Stranded- page 2 | History | Air & Space Magazine
When seven men got stuck in a grim patch of Greenland in 1948, the Air Force sent a B-17 to rescue them, but it got mired in soft snow (top of montage), only worsening the predicament. (USAF)

Stranded

Four aircraft, 12 airmen, 25 days, 40 below zero, in the middle of nowhere.

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(Continued from page 1)

At Westover, “we received word about the Troop Carrier Command sending another glider, and that we would all arrive together at Goose Bay, Labrador [Canada], coordinating our activities. The weather was beginning to play an important factor and it looked like we would have problems being able to stay VFR [Visual Flight Rules].

“We left Westover…. The C-54 had a tendency to keep the glider at top redline on the airspeed indicator, and I was constantly pleading to slow down or we might end up losing the glider. As we progressed on our way towards Canada, the weather continued to deteriorate. We were now flying over an overcast and the holes in the clouds were fast disappearing. Night arrived with solid overcast below. At this time I was wondering what kind of weather we had at our destination. The report from the C-54 was that our destination [Seven Islands, in Quebec] had at least 2000 feet and 3 miles or more visibility. I believe we had a small discussion about continuing the flight and all agreed to proceed. I thought about cutting loose when we arrived over the radio beacon at our destination and then about an instrument approach in the glider. One small item was missing. The glider did not have any approach charts. I started asking questions: where the field was located from beacon, what type of obstructions and what the terrain was like? Were there such things as mountains or hills that could get in the way? What are the minimums?…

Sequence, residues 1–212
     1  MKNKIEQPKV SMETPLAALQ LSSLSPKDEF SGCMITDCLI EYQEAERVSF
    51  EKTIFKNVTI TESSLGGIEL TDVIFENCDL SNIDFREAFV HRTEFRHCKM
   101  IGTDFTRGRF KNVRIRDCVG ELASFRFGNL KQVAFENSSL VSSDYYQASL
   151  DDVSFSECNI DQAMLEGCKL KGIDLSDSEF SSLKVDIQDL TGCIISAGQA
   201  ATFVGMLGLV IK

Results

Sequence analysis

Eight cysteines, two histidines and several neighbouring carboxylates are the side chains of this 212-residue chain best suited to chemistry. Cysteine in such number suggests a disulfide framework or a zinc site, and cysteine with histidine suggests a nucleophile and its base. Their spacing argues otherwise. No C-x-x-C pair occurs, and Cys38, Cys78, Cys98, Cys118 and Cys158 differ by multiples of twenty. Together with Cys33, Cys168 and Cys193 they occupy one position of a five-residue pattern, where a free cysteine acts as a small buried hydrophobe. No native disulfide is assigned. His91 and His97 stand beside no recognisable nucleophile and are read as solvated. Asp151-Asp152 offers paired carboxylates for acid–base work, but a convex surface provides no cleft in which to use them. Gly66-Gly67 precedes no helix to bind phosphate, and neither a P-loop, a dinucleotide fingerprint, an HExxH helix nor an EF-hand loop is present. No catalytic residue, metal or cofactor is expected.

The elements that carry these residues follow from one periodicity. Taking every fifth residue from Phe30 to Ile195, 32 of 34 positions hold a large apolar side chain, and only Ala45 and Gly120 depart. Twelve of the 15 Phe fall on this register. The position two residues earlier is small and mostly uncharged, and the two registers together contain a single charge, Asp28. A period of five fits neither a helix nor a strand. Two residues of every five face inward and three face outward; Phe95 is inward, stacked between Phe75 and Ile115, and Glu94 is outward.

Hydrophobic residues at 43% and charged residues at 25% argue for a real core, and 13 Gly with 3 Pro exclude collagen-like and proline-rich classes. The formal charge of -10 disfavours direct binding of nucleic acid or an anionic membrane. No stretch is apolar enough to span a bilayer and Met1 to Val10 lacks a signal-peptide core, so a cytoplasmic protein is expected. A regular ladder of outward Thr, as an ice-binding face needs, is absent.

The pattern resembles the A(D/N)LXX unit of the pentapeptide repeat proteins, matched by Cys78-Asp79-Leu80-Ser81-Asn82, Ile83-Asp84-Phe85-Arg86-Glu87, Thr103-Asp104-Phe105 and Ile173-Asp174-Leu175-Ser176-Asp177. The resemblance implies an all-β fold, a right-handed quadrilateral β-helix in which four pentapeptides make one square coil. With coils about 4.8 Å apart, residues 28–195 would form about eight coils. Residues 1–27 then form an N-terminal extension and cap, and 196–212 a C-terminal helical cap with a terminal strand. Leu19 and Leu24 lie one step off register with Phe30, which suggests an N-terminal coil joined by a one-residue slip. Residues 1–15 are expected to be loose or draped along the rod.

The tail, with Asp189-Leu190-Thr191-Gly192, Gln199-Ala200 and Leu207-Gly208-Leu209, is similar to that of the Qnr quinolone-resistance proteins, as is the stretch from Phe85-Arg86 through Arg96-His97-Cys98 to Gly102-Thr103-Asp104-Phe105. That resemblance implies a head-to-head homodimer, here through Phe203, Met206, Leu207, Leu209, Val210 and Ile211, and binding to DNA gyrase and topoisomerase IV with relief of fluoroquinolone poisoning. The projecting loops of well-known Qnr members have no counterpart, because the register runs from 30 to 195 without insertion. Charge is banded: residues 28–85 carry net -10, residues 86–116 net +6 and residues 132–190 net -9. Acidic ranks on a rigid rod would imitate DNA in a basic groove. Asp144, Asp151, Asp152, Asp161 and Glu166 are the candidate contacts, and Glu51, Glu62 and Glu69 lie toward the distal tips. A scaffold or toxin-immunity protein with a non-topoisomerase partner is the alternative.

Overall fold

“My young friend again rode in the opposite seat…. He never sensed the developing problems and I saw no need to tell him. I figured it would be best not to go into details so he could continue to enjoy the ride.

“By the time we arrived over the beacon, there were no holes to let down through. All of a sudden the C-54 started a letdown and I knew then and there we were on our way to making an instrument approach. As we descended and entered the clouds, I thought immediately that the C-54 should turn on their landing lights, thereby, I had a chance of staying in visible contact with the C-54. It worked wonderfully. As we let down the C-54 was just a small silhouette with a circle of light around it. To me, it was a beautiful sight. When we broke out of the clouds, there were hardly any lights to see on the ground. It was practically pitch dark. But in a minute or so, we came upon the airfield and received landing instructions. I asked the C-54 to put the glider on downwind and then I would cut loose. As I pulled the release lever, I felt exalted and I had lost a little tenseness that had built up during the let down. Boy! It felt great to touch down and clear the runway….”